You can drop six figures or more buying a new supercar, but you don't need to spend that much to have a supercar experience
Some cars really do cost more than $1 million, but you don't have to spend a million to look like a million.
One way to avoid the million-dollar price tag is to buy a new, entry-level car for a great brand, like the Porsche Boxster. That's not just for Porsche's (PSHG_P) legendary performance. Unlike other brands, which alter their styling every four years, Porsche changes its exterior styling about as often as the New York Yankees redesign their uniforms.
That means today's Porsches look a lot like yesterday's Porsches, which look a lot like Porsches from 1972, even if the interiors and the mechanical components have all changed. In contrast to other brands, you're less likely to buy a Porsche that's immediately dated.
Buy Within Your Budget
A second strategy is to buy a really good used car from a prestigious brand. "We call this 'look rich for cheap,'" jokes Keith Martin, publisher of Sports Car Market.
Based in Portland, Ore., Sports Car Market, publishes pricing guides and shopping advice for car collectors. One of its most widely used products is a database of auction results for collector cars, ranging from a 1962 Ferrari 330 that sold for $9.3 million in May to a 1972 Ford Mustang for $5,599. "We tell people to buy the best example you can, within your budget," Martin says.
"Buy the best Jaguar XJ6 you can for $30,000, and not a mediocre Rolls-Royce that's got a few dings and dents in it, and it's all chewed up. Because if you start out already having to explain to people what a good deal it was, then you already look like a loser, right?" he says.
Used Cars Can Actually Appreciate
Another reason to buy used is that few things depreciate as fast as a new car. The average new car depreciates 40% the instant you drive it off the lot, or 55% at the end of three years, according to Automotive Lease Guide in Santa Barbara, Calif. ALG publishes a widely used industry benchmark for how much a new car will be worth at the end of a lease, or its residual value.
Unlike a new car, the right used car can actually appreciate in value, and it doesn't have to be an unattainable, rolling work of art, like a multimillion-dollar Ferrari. "That's a pretty good motivation to look at collector cars," says Jack Nerad, executive editorial director and executive market analyst for Kelley Blue Book and kbb.com. Nerad's personal favorite is a 1962 Corvette he's had for many years. "I can be pretty sure that any money I put into it, I'll get it back when I sell it, and maybe more. There are people who have done a lot better [investing in] cars than they have in similar attempts in the stock market," he says.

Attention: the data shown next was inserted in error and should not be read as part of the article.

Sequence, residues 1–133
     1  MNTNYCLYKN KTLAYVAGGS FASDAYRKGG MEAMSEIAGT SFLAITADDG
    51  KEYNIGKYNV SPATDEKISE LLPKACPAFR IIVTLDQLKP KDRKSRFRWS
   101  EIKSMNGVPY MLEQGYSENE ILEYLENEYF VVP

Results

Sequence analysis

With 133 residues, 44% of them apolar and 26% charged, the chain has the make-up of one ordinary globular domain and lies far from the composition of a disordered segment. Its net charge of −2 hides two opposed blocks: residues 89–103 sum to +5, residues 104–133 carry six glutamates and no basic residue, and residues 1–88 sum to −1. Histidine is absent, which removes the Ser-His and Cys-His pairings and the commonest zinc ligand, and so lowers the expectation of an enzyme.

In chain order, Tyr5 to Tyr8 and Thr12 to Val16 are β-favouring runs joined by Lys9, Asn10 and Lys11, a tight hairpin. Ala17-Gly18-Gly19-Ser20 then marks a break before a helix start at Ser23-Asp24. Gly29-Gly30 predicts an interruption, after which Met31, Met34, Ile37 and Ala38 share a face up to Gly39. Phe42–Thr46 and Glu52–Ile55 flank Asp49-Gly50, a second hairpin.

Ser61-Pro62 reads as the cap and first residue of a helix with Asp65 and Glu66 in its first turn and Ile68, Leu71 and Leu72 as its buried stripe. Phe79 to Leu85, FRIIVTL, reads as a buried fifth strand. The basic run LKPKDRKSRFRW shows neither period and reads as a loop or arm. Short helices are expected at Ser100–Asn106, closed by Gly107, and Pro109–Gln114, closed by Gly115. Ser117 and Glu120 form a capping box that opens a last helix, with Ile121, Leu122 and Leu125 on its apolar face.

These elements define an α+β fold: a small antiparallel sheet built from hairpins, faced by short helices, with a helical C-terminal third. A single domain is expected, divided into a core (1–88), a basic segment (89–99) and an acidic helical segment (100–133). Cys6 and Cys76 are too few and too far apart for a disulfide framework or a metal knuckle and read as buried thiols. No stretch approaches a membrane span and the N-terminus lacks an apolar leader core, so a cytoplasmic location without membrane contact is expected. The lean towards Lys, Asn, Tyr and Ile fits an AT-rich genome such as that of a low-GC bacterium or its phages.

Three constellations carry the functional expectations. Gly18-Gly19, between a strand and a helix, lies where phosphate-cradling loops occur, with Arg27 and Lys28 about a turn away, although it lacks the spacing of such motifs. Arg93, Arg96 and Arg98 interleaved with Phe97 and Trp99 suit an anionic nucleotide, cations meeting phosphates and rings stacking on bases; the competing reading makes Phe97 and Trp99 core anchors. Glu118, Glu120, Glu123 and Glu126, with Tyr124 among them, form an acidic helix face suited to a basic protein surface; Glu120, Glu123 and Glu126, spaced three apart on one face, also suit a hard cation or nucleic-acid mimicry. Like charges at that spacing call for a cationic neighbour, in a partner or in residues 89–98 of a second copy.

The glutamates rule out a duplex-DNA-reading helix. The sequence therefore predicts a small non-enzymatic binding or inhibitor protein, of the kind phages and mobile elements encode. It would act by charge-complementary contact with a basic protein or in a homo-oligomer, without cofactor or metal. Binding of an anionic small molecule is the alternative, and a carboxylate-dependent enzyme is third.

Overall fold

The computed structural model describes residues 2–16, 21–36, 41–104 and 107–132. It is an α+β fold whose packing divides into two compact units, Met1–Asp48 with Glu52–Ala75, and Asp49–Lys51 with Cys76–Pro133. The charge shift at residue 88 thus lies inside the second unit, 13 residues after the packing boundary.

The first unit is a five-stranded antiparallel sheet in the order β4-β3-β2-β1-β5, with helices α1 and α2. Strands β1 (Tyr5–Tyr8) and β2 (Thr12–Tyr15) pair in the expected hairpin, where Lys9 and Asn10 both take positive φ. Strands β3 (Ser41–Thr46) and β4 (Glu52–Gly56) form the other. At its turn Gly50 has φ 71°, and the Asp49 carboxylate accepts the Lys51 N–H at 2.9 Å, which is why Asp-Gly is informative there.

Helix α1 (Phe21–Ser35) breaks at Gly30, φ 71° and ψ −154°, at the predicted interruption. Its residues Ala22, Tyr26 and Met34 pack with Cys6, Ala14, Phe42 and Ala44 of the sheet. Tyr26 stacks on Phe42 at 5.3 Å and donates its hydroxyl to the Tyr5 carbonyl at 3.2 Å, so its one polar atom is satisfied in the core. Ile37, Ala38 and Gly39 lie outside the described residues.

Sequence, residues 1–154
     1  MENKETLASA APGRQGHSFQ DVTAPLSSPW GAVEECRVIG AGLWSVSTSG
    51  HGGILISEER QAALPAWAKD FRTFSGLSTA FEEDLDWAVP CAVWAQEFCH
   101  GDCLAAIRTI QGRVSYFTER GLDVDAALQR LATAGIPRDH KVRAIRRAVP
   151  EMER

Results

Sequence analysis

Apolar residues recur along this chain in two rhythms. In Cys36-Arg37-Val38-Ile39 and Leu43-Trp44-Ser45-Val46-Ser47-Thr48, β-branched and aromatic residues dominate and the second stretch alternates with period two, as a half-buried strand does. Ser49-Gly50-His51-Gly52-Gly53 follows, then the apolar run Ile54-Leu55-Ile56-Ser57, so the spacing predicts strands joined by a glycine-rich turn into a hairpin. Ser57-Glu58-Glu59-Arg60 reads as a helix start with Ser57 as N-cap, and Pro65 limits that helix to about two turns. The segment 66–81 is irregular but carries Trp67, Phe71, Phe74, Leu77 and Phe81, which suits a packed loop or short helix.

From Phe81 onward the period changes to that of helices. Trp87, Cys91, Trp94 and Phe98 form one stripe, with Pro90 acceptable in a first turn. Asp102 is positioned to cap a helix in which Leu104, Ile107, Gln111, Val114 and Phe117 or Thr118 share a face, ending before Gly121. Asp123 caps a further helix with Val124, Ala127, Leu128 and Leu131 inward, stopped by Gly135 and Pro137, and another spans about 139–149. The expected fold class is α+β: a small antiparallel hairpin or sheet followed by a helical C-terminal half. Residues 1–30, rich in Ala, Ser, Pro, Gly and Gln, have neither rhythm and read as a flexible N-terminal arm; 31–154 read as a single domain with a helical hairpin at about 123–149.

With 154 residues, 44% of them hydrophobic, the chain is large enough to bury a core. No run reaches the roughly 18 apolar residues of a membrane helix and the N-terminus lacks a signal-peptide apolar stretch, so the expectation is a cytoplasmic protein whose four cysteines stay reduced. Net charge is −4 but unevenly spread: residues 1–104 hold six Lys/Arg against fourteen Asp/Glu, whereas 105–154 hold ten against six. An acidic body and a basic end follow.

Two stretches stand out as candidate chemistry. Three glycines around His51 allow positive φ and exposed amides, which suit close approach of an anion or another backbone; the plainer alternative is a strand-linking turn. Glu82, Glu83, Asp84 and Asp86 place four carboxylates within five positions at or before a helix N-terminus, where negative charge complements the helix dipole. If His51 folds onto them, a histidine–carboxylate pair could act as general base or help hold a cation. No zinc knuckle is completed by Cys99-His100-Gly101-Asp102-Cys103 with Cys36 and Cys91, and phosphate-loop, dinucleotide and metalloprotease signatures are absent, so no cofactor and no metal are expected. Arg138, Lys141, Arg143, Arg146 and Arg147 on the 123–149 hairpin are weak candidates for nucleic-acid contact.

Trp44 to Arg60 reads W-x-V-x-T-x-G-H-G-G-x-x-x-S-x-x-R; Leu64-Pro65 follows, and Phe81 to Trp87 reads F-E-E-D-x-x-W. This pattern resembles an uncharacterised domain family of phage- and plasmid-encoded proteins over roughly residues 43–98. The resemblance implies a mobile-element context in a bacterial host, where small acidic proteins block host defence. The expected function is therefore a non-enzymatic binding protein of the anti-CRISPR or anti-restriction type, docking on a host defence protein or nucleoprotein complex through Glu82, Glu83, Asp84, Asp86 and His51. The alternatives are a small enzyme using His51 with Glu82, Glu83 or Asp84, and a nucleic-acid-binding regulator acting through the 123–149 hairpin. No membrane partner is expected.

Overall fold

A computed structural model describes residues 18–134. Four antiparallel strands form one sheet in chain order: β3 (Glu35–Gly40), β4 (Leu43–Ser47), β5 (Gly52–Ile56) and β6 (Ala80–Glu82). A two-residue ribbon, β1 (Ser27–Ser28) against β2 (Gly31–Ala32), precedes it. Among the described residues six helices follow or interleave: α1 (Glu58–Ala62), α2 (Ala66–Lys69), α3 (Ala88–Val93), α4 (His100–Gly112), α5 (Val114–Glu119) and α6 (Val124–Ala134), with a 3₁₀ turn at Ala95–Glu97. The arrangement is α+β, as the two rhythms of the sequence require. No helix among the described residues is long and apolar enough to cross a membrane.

The original Kelley Blue Book—literally, a book—is a benchmark for used car values, a longtime reference for car dealers since the 1920s, and in more recent years for consumers as well. In its online incarnation, kbb.com, Kelley Blue Book has teamed up with AutoTrader.com to provide online classified ads for thousands of used cars of just about every age, brand, mileage, condition, and price range.
Martin suggested that a newcomer to car collecting should look at more general sites like kbb.com to familiarize themselves with what's available, before diving straight into a more specialized site such as Sports Car Market. For instance, kbb.com recently listed 193 used Rolls-Royces, ranging in price from $4,900 to $659,950.
Consider a Kit Car's Reputation
Kit cars offer a third way to step up to supercar looks without breaking the bank. Kit cars have an unsavory reputation in the auto industry, thanks to companies like the one that grafted fake Rolls-Royce grilles onto old Volkswagen (VLKAY) Beetles, for the reverse snob appeal.
However, some kit cars have stood the test of time, such as the Intermeccanica Italia from the 1960s, which has a sexy Italian body around a Ford V-8. "It's a lot like real estate," says Jamie Kitman, a veteran auto writer, rock band manager, and car collector. "There are particular classes of cars, where if you catch it right, you get all your money back for fixing it up. There are other things you can buy that over time will make you look like even a bigger dunce than you were when you first bought it," Kitman says.
Martin says the best advice for the casual collector who does not intend to spend a lot of money on restoration is to buy the best car that you can afford and that you love, and then drive it, instead of merely hanging onto it: "At least that way, you've enjoyed it for a few years."
Check out the BusinessWeek.com slide show to see examples of affordable supercars currently on the market.